Shipwreck Discovered Off Oman Reveals Secrets of 500-Year-Old Navigation Device

Experts studying treasures recovered from a rare shipwreck off the coast of Oman have identified one of the mysterious objects as the oldest navigation device ever found.

Marine archaeologists working with artefacts from the late 15th century ship, the Esmeralda, have said the round metal object is an astrolabe, an instrument used by Renaissance navigators to measure the altitude of the Sun.

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The BBC reported the object was recovered from one sunken ship that had been part of a fleet led by Portuguese explorer Vasco de Gama, the first individual to navigate directly to India from Europe.

David Mearns, who led the excavation of the sunken ship, said he felt honored to have been involved in the discovery. "It's a great privilege to find something so rare, something so historically important, something that will be studied by the archaeological community and fills in a gap," he said.

24_10_Esemeralda_link The object was recovered from a ship which was part of a fleet led by Portuguese explorer Vasco de Gama, the first individual to navigate directly to India from Europe. David L. Mearns – Blue Water Recoveries Ltd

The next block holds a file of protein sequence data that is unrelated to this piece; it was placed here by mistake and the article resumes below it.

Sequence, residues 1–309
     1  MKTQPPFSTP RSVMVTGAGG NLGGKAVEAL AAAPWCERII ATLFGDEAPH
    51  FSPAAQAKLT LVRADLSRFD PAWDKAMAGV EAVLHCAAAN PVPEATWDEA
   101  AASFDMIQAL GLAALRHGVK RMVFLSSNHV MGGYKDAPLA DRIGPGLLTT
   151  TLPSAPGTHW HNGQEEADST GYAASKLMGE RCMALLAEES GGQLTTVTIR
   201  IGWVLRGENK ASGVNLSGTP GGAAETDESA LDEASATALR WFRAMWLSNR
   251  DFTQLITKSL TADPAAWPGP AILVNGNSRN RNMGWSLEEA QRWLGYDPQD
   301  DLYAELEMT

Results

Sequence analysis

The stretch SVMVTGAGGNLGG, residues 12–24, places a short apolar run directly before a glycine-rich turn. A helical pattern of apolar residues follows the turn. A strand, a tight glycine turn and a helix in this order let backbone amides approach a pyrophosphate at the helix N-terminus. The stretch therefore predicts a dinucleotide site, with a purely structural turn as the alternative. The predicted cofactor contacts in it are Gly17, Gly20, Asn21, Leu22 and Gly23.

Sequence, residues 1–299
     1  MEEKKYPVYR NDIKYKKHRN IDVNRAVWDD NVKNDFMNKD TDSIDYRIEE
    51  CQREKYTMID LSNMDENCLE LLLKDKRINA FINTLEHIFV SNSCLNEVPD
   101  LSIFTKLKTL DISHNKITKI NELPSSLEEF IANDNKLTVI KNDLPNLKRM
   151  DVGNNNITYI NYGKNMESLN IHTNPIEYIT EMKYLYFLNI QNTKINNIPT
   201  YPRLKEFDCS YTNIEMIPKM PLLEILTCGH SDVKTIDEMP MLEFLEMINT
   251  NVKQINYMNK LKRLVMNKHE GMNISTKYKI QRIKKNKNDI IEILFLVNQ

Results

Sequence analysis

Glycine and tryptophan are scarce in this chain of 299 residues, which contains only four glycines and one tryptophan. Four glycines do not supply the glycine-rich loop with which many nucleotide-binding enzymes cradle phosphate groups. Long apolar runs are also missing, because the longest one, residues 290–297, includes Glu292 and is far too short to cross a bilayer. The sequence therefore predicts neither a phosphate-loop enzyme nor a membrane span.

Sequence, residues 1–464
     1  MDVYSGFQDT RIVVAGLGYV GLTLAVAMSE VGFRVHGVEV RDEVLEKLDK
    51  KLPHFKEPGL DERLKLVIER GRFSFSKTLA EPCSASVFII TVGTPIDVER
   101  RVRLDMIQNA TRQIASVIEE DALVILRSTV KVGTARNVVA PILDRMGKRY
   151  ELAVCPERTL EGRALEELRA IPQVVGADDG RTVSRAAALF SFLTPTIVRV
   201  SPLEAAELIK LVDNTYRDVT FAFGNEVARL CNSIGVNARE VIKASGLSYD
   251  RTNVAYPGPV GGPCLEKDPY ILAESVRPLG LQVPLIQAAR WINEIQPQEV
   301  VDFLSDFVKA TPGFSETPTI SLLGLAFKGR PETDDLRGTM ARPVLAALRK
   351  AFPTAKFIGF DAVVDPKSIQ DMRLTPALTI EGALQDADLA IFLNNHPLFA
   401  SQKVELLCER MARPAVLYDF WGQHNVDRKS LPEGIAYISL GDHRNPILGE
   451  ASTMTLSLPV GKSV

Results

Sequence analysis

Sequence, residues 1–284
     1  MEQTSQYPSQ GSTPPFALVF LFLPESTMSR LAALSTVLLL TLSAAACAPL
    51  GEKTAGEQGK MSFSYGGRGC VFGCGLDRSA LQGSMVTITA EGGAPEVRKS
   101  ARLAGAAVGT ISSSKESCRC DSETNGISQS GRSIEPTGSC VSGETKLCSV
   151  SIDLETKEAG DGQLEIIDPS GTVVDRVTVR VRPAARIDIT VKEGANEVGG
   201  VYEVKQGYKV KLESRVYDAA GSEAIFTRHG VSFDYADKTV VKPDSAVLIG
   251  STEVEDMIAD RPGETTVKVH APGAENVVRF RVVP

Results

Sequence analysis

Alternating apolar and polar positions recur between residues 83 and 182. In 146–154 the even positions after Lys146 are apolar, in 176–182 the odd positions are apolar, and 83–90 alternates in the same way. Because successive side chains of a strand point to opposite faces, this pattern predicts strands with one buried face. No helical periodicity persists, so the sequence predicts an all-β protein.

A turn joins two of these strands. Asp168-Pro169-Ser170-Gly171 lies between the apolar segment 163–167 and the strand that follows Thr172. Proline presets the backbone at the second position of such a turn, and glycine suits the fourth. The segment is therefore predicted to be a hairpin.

The navigation device was one 3,000 items brought back from the sea bed by the Blue Water Recovery team in 2014. The bronze disk emblazoned with heraldic emblems measures 6.8 inches in diameter.

"It was like nothing else we had seen and I immediately knew it was something very important because you could see it had these two emblems on it," Mearns said.

"One I recognized immediately as a Portuguese coat of arms...and another which we later discovered was the personal emblem of Don Manuel I, the King of Portugal at the time," he added.

10_24 astrolabe The navigation device was one 3,000 items brought back from the sea bed by the Blue Water Recovery team in 2014. David L. Mearns – Blue Water Recoveries Ltd

Experts from the University of Warwick in the United Kingdom had to be brought on board to prove the object was an astrolabe. The item’s shape and size indicated its use in navigation, however, because it had no scientific markings the excavators had to investigate to confirm their suspicions.

Laser scanning analysis carried out on the artifact showed indentations around the disk, each of which was separated by five degrees. Mariners would have used the grooves to measure the height of the sun above the horizon. Using the measurement, they could ascertain their location on long voyages.

Astrolabes of the kind discovered are remarkably rare. Only 108 are known to modern historians and this particular find appears to be the earliest example by a couple of decades.

"We know it had to have been made before 1502, because that's when the ship left Lisbon and Dom Manuel didn't become King until 1495, and this astrolabe wouldn't have carried the emblem of the king unless he was king,” Mearns said

"I believe it's probably fair to say it dates roughly to between 1495 to 1500. Exactly what year we don't know—but it is in that narrow period," he added.

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